France’s UniversCine, Germany’s Europe’s Finest and Austria’s flimmit.com are among 13 European VoD platforms and DCD initiatives to benefit from the EU’s MEDIA Programme.
According to the European Commission, the main objective “is to support the creation and exploitation of catalogues of European works to be distributed digitally across borders to a wider audience and/or to cinema exhibitors through advanced distribution services, integrating where necessary digital security systems in order to protect online content.”
The largest sum – $981,000 (750,000 Euro) – was awarded to the French VOD platform UniversCine, which this year plans to extend its EuroVOD network of platforms to new territories such as the UK and Italy and focus on strengthening the strategic position of the project platforms in their respective markets as well as developing ‘multi-channel’ and ‘multi-device’ distribution.
Germany’s Europe’s Finest, which received $392,000 (300,000 Euro) funding from MEDIA, currently has the largest collection of European film classics and current arthouse films for digital cinema.
There are plans to extend its catalogue and add a second pillar of activity by making the Reelport-owned service available as a platform for other distributors so that they can offer the films in digital form to the network of cinemas.
A start was made last year by launching Operation Kino films on Europe’s Finest and – together with new partner Hollywood Classics – the plan is to launch a joint venture “finest-classics” to provide a world-wide dimension to the offer.
Meanwhile, with $262,000 (200,000 Euro) MEDIA backing, Austria’s flimmit.com now plans to evolve from a technical start-up to a full-service film distribution and marketing company to ensure that European films also benefit from economies of scale.
Other platforms supported in this funding round included the UK’s Curzon On Demand and Distrify’s transactional VoD platform MUVIES.COM, the first European SVOD service FILMOTV, and VoD platforms specifically dedicated to documentaries such as France’s medici.tv, the Netherlands’ DocsOnline, the Doc Alliance Films portal as a partnership between Visions du Reel Nyon, DOK Leipzig, Planete Doc Review Warsaw, CPH:DOX Copenhagen, IDFF Jihlava and FIDMarseille.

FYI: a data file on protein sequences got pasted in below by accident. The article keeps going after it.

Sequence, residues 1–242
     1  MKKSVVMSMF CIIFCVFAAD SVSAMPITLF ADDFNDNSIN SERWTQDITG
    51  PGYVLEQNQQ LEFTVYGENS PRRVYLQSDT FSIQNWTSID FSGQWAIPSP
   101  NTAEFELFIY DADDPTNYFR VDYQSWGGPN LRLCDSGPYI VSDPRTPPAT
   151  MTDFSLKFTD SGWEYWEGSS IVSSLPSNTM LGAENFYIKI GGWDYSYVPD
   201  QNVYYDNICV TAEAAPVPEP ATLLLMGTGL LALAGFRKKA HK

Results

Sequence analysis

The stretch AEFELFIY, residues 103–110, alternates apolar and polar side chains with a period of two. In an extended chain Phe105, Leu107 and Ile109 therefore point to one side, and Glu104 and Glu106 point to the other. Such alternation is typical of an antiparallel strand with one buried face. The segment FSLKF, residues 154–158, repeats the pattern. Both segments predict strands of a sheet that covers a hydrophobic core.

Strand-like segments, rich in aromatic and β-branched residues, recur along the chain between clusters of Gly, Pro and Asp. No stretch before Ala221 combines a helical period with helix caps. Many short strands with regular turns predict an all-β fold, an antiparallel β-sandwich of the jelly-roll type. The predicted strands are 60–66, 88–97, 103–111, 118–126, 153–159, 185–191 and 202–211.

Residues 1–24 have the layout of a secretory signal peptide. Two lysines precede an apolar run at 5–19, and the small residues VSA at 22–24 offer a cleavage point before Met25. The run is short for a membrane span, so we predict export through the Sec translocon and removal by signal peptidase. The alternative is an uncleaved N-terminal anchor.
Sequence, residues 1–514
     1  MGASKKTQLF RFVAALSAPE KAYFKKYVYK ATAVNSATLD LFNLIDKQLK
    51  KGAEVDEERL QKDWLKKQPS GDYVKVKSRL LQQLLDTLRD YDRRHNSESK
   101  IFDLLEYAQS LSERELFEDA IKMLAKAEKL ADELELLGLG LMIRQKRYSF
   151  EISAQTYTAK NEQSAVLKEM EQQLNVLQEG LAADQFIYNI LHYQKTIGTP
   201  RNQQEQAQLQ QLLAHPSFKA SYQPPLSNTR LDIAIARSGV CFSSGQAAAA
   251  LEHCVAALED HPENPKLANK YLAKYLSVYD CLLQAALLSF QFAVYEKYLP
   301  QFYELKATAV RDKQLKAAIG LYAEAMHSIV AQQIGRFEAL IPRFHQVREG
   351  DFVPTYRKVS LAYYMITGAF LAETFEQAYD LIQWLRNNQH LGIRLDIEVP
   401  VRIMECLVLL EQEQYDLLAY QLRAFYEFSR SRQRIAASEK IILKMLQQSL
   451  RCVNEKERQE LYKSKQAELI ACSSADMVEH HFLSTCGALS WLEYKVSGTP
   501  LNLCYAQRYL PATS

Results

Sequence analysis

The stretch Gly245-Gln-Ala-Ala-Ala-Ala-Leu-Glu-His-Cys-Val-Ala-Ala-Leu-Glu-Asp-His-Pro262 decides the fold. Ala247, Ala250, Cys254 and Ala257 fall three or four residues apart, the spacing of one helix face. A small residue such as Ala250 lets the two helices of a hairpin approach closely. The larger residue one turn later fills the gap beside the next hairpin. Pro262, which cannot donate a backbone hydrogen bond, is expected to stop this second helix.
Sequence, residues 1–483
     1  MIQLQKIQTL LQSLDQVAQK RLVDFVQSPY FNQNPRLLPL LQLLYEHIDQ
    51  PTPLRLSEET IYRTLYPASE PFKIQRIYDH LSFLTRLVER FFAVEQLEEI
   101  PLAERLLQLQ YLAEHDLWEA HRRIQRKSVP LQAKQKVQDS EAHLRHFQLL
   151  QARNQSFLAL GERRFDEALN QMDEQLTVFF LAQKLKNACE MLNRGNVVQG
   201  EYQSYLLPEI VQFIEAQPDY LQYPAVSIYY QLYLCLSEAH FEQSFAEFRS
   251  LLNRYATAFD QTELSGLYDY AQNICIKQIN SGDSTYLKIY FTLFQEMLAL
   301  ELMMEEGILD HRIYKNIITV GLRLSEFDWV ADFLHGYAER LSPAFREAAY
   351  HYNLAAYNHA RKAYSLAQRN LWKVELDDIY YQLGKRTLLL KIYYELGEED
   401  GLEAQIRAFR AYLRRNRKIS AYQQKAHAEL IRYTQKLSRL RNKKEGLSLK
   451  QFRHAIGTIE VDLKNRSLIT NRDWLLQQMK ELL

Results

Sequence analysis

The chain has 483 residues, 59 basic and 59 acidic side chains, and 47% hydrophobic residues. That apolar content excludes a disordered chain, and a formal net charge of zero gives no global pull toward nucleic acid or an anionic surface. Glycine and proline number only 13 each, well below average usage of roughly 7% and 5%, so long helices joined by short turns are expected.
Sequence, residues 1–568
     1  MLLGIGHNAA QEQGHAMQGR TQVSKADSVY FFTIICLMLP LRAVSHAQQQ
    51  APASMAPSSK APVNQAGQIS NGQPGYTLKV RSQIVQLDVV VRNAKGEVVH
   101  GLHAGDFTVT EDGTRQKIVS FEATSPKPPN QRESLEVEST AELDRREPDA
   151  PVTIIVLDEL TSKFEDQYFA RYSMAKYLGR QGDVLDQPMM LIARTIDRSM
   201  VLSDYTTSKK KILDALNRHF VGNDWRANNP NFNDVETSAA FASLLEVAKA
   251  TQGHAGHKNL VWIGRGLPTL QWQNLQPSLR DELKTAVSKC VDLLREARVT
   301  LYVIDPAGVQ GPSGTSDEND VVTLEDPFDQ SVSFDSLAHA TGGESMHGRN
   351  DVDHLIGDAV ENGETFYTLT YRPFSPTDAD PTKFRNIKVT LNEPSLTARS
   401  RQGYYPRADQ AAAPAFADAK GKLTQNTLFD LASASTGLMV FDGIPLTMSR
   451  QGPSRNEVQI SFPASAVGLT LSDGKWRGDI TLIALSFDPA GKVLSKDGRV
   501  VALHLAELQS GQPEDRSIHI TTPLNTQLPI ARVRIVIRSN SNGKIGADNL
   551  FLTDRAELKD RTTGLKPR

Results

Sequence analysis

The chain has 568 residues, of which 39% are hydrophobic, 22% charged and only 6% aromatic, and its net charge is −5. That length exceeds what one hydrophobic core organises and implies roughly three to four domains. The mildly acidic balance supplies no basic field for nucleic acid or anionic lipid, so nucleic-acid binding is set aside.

Meanwhile, the debate on the EC’s proposed Creative Europe programme from 2014 has taken another twist following the 27 EU leaders decision earlier this month on a reduced overall budget of $1.2 trillion (960 billion Euro) for its Multiannual Financial Framework (MFF) for 2014-2020.
Speaking exclusively to Screen after the Council’s decision about the possible repercussions for Creative Europe, Doris Pack, chair of the European Parliament’s Committee on Culture and Education, said: “I doubt that we will get as much as we want, but I am sure that we will get more than at present because of the additional activities planned in the new Creative Europe programme.”
Since then, Screen has learnt from a source at the EC in Brussels that the estimated increase in the budget for Creative Europe compared with the sums spent on the Culture, MEDIA and MEDIA Mundus programmes in 2007-2013 would amount to an increase of 12 percent – a total nearer to $1.7 billion (1.3 billion Euro).
In the EC’s original proposal, the Creative Europe’s budget of $2.35billion (1.8 billion Euro) would have represented a 34 percent increase on the sum allocated to the Culture and MEDIA Programmes in 2007-2013.
The source stressed that the lower increase to the Creative Europe budget was only a projection. “The European Council did not go into detail of specific programms when it agreed the new MFF for 2014-2020, so figures must be treated with caution.”
“The figures we have extrapolated are also based on an assumption that any cuts within the MFF main headings will be applied in a linear or proportional way,” the source added.
Creative Europe also became an issue at the last sitting of the European Parliament’s Committee on Culture and Education when chair Doris Pack revealed that the name of the EC’s proposed framework programme already exists in France as the name for the citizen think tank Europe Creative which was founded in early 2011.
“If they insist that Creative Europe is their name, we would have to pay to use this name,” Pack explained.
“We would not pay, but decide instead to use a different name. So, let’s start thinking about the possibilities for another name as I don’t remember people being so delighted about the name [Creative Europe] in any case.”
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